It's hard to know why Paula Bennett's innocuous comments about tipping in a letter to the Herald provoked such an over-reaction this week.
Perhaps it was an easier issue for the average talkback host to get their head around than the suicide rate, problems in the mental health system or GST on tampons.
Bennett, acting in her capacity as Minister of Tourism and Thinking Out Loud, said, "I always tip for excellent service and encourage others to, too."
How very dare she?
Umbrage was taken at the highest possible volume.
She clarified on Twitter: "I'm not suggesting it's compulsory or replaces wages or that we tip a %" and said it should be optional and pointed out the practice is already here (presumably lest anyone think she had invented the concept).
You could be forgiven for believing she'd suggested ripping up the Treaty of Waitangi and using it to line her sock drawer.
The outrage continued, tweet after dreary tweet. Admittedly, this being her Twitter feed, the standard of debate was less than elevated. One person, for instance, said they thought tipping was okay if the tipper could afford it.
Speaking of intellectually challenged debate, Bennett, who is also Minister of Police, lowered the bar later with comments on methamphetamine.
It's "absolutely horrific" apparently.
Effective ways of reducing P use are notoriously hard to find.
But one way not to deal with P is to repeat myths like those in this statement from Bennett: "P ... is one hit and you are hooked. And it takes an average seven years to get off that addictive substance."
This is the equivalent of telling a child pulling a face that if the wind changes it will stay like that, or that if they pick their nose Donald Trump will get them.
They know it's not true and lose respect for the person lying to them.
Scaremongering misinformation is no more effective on adults than it is on children. It obscures the real facts and makes it harder to have an intelligent and productive debate.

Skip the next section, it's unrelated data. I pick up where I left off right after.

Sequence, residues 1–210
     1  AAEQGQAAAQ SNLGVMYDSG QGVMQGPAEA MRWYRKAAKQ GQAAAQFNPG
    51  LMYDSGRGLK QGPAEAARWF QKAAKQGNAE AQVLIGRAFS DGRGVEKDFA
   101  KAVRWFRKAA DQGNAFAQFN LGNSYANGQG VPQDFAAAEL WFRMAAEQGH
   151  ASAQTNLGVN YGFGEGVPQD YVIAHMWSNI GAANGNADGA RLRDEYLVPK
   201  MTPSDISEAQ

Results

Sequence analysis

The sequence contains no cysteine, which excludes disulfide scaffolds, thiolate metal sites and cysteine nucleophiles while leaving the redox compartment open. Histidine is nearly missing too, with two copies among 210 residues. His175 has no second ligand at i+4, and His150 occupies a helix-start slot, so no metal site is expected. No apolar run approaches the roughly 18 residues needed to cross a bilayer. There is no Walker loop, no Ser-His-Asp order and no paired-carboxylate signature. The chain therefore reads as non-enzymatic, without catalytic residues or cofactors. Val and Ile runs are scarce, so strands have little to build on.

Meth can indeed be a horrific drug. Acknowledging this could lead one to think that easing up on marijuana laws could help reduce P use.
But Bennett, unfortunately, isn't allowed to say that.
"Don't go near any of them," she advises, parroting the unproductive prohibitionist line. In fact, she'd have to say that even if she didn't believe it.
Latest Drug Foundation figures show meth use has gone down. The percentage of New Zealanders using P fell by more than half between 2009 and 2014, but there is good reason to think that in some areas at least it has increased.
A marijuana drought in the Far North is alleged to have driven up prices to the point it's cheaper to get high on P. As if that area doesn't have enough problems.
The National Government last year put $15 million into 15 wide-ranging initiatives for dealing with drugs, most focused onP.
Labour's policy for dealing with P is more police. That's it.
More police, new border strategies, better treatment services for addicts and education programmes are all effective to some extent.
But the only lasting solution is to wipe out demand altogether. And while thousands live in cycles of poverty, abuse and domestic violence, a cheap meth high is always going to be a more attractive option, leading to more lives blighted and hearts broken.